Bharat Patel, ex-P&G India chairman and managing director, highlights some key 'magic' moments of his career.
I have been with only one company after finishing my MBA from the University of Michigan in 1969, from where I was placed at Richardson Vicks in India. It was bought over by P&G Worldwide (which entered India with this buyout) in 1985.
In 1980, I was the first one in Richardson Vicks to think of launching a tablet for common cold. I devised the whole plan -- from its formulation, to its product shape (a yellow caplet instead of a tablet), to its brand name and advertising. Vicks Action 500 was my baby, and it grabbed 50 per cent market share rather quickly, post its launch. Back then, everyone in India used a rub, although the North Indians didn't like using them.
Just three years later, in 1983, we had to do something to counter the perception that Vicks is a 'foreign' product that isn't Indian in nature. The entire Vicks portfolio was losing market share drastically because of this.
I suggested that we position Vicks as an Ayurvedic medicine brand (this ensured we were not required to pay excise duty, or come under price control, nor did we need a license to sell it), considering that its ingredients were herbal. Ayurveda is as trustworthy and as Indian as it gets. The two concepts gelled well with our brand, and eventually, with the consumers. In one stroke, we saved the company from sinking. Vicks went on to become a Rs 400 crore brand, among the largest healthcare brands in India.
Real touch points
I have learnt from experience, never through books or seminars. My first boss, Surin Banta (managing director of Richardson Vicks at the time) always urged us to go to the marketplace, talk to customers and retailers, and not just sit in office. I remember a peculiar problem we faced while promoting our iron tonic Tonos7. We had to prove to consumers that this tonic actually increases the haemoglobin level in one's blood. We decided to do a 'free blood test' promotion wherein we asked consumers to take a blood test, sample a bottle of Tonos7 and then take another test and compare their haemoglobin count. The promotion worked as people could see a tangible difference, backed by medical facts.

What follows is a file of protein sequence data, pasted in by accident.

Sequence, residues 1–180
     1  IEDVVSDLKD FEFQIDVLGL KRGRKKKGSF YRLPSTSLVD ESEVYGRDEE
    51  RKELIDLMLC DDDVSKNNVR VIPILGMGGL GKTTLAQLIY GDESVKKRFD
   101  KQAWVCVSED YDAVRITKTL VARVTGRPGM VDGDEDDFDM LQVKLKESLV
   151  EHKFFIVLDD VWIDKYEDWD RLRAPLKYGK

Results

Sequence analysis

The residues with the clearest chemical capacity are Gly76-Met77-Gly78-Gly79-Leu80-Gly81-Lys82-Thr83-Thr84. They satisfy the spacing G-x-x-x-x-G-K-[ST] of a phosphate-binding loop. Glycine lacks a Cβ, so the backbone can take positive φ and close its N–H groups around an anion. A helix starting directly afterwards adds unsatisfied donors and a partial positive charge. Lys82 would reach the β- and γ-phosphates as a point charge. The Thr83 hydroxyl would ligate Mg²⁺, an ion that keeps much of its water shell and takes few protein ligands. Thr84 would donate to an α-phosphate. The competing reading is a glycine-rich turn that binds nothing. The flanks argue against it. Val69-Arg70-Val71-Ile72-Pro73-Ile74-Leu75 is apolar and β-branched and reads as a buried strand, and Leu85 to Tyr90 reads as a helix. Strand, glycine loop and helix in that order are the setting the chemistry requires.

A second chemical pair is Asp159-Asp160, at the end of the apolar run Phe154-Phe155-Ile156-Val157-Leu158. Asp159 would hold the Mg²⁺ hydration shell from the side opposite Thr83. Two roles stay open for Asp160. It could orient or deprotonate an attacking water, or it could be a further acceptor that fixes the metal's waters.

After Richardson Vicks' buyout, I was sent to England to be 'Procterised'. Basically, I was to learn the methods of P&G there and was given the dual role of category manager for paper products (including Pampers and Whisper) in the UK, and country manager for P&G in Ireland. It exposed me to big customers, big volumes, huge scale of activities, and power in the hands of a few retailers. A handful of them had tremendously high market shares, and hence, commanded huge power, unlike the retail scenario in India.
I had to learn and handle changes in the 6Cs - company, customer, climate, culture, country and category (from OTC pharma brands, to FMCGs). It was challenging, but truly helped me experience what it is like to be accepted and elevated in a foreign land.